Partners in Training

The Bright Star military exercise returns to Egypt with 7,600 multinational participants engaged in land, sea and air operations


The U.S. Air Force KC-10 aerial refueling tanker soars through the clear Egyptian sky above a distant patchwork of Nile Delta farmland.

Matching the speed of the refueling aircraft,
an Egyptian fighter pilot guides his F-16 Fighting Falcon beneath the KC-10.

“Hold position,” says the U.S. refueling boom operator observing the link-up through the rear of the KC-10.

“Copy,” the Egyptian pilot’s voice crackles over the radio.

The refueling arm descends to the Egyptian F-16 until it reaches the fighter jet’s refueling port behind the cockpit.

“Contact!” the boom operator announces as the refueling nozzle, capable of dispensing 4,180 liters of aviation fuel per minute, edges into the F-16’s port to complete the aerial maneuver.

Such advanced teamwork — training designed to increase interoperability among partner nations to confront regional threats — was a major theme of the Bright Star 23 military exercise in Egypt.

An Egyptian Air Force F-16 Fighting Falcon prepares to connect to a U.S. Air Force KC-10 Extender during an aerial refueling operation. STAFF SGT. EMILY FARNSWORTH/U.S. AIR FORCE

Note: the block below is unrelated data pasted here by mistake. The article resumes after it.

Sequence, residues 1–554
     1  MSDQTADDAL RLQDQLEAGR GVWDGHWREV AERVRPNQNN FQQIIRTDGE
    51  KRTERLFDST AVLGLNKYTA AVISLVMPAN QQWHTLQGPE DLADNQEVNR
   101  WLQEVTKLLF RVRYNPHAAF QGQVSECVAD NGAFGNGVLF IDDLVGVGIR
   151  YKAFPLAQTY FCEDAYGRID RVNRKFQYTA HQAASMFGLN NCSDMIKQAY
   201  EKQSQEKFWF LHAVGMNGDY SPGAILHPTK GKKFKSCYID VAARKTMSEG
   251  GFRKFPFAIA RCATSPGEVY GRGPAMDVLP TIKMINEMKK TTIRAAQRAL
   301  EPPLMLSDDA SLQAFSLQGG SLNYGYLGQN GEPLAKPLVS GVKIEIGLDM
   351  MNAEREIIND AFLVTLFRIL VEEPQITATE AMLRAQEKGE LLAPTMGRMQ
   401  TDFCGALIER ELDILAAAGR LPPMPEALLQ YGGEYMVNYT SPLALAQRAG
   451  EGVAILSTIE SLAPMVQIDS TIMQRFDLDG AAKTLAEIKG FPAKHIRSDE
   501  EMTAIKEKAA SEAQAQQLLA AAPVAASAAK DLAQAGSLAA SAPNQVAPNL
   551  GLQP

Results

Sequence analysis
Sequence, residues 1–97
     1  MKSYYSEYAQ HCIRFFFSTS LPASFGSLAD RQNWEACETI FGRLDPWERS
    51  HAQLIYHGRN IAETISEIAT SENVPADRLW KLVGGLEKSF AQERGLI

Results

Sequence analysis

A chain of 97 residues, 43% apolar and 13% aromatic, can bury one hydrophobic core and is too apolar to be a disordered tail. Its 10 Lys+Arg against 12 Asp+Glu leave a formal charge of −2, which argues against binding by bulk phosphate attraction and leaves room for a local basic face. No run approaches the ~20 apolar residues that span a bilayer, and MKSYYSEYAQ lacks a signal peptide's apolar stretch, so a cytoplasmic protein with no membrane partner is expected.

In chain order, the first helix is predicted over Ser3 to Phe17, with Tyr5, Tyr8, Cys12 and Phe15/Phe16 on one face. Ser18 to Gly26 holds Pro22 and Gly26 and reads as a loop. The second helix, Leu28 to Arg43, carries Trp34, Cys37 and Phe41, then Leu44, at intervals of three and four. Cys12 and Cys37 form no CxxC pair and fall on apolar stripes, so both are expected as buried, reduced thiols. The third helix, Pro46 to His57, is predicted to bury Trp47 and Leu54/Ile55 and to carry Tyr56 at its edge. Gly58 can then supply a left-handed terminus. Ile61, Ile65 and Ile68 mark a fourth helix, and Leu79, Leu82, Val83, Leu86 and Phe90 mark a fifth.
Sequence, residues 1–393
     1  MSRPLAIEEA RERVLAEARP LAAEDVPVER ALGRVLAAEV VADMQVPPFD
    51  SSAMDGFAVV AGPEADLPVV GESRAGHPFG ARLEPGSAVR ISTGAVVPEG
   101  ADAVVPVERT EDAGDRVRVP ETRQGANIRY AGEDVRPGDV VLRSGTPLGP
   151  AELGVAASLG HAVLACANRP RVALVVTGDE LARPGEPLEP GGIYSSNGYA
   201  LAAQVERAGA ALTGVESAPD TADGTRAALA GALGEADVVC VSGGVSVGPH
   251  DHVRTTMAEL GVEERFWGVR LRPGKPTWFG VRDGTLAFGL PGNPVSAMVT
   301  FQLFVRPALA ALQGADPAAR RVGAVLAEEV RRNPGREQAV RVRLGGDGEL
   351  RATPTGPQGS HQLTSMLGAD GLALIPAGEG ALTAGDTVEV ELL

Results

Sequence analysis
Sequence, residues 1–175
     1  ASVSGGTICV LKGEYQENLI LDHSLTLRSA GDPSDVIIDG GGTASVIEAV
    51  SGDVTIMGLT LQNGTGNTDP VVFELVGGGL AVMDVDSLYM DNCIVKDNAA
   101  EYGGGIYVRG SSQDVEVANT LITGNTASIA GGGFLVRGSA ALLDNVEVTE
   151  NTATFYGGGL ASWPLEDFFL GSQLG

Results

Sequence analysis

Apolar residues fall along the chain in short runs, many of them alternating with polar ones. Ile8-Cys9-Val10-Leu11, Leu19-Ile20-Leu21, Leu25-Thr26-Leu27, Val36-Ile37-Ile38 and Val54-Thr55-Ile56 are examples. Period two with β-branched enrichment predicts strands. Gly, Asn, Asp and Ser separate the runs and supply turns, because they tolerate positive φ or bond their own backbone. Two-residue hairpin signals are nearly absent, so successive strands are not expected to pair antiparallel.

Led by a large contingent from host nation Egypt, Bright Star’s 7,600 participants spent two weeks preparing to operate on joint missions should they be called to do so, smoothing out differences in communication, weaponry and military doctrine.

Bright Star is one of the world’s largest multinational exercises involving land, sea and air forces. The exercise, which ran from Aug. 31 to Sept. 14, 2023, was the 18th time Egypt hosted Bright Star since 1980.

“The participation of the forces themselves in carrying out joint exercises in various arenas is a very important thing. These efforts were made in a team spirit with the aim of achieving security and stability throughout the world,” said Mohammed Zaki, Egypt’s defense minister and chief of staff of the armed forces.

Seventeen nations participated in Bright Star and another 10 sent observers. From within the region came troops from Jordan, Kuwait, Pakistan, Qatar and Saudi Arabia. Egypt also invited maritime partners from the Eastern Mediterranean — Greece and Cyprus — as well as nations from Sub-Saharan Africa, including Cameroon, Malawi and South Africa. Rounding out the training audience were participants from France, Germany, Great Britain, India and Italy. Tunisia and the United Arab Emirates provided observers.

The collaborative training in the skies over Egypt with the U.S. and Egyptian air forces also happened below on the ground as multinational tank crews, artillery units and helicopters pilots converged for live-fire demonstrations on the desert floor.

It happened on the beaches, where amphibious troops backed by a multinational naval flotilla landed an assault force repulsed by other Bright Star participants at the water’s edge.